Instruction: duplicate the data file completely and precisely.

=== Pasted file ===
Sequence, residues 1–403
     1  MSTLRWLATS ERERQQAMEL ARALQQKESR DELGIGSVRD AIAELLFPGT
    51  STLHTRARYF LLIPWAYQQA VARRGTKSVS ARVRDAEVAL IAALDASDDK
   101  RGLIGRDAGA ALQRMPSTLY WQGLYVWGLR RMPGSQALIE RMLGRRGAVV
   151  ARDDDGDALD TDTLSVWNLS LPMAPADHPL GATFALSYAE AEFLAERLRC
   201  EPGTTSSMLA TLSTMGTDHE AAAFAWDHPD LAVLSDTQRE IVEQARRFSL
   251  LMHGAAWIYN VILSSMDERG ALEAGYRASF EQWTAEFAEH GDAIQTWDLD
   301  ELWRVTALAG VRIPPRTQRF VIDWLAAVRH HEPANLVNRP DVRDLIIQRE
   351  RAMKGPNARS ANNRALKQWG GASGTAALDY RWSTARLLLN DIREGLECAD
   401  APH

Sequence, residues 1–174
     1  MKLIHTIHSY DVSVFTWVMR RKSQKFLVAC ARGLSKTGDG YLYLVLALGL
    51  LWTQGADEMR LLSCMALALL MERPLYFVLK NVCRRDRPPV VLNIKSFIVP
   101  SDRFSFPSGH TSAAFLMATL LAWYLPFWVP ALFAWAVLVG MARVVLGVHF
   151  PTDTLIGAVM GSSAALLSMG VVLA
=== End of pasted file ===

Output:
Sequence, residues 1–403
     1  MSTLRWLATS ERERQQAMEL ARALQQKESR DELGIGSVRD AIAELLFPGT
    51  STLHTRARYF LLIPWAYQQA VARRGTKSVS ARVRDAEVAL IAALDASDDK
   101  RGLIGRDAGA ALQRMPSTLY WQGLYVWGLR RMPGSQALIE RMLGRRGAVV
   151  ARDDDGDALD TDTLSVWNLS LPMAPADHPL GATFALSYAE AEFLAERLRC
   201  EPGTTSSMLA TLSTMGTDHE AAAFAWDHPD LAVLSDTQRE IVEQARRFSL
   251  LMHGAAWIYN VILSSMDERG ALEAGYRASF EQWTAEFAEH GDAIQTWDLD
   301  ELWRVTALAG VRIPPRTQRF VIDWLAAVRH HEPANLVNRP DVRDLIIQRE
   351  RAMKGPNARS ANNRALKQWG GASGTAALDY RWSTARLLLN DIREGLECAD
   401  APH

Sequence, residues 1–174
     1  MKLIHTIHSY DVSVFTWVMR RKSQKFLVAC ARGLSKTGDG YLYLVLALGL
    51  LWTQGADEMR LLSCMALALL MERPLYFVLK NVCRRDRPPV VLNIKSFIVP
   101  SDRFSFPSGH TSAAFLMATL LAWYLPFWVP ALFAWAVLVG MARVVLGVHF
   151  PTDTLIGAVM GSSAALLSMG VVLA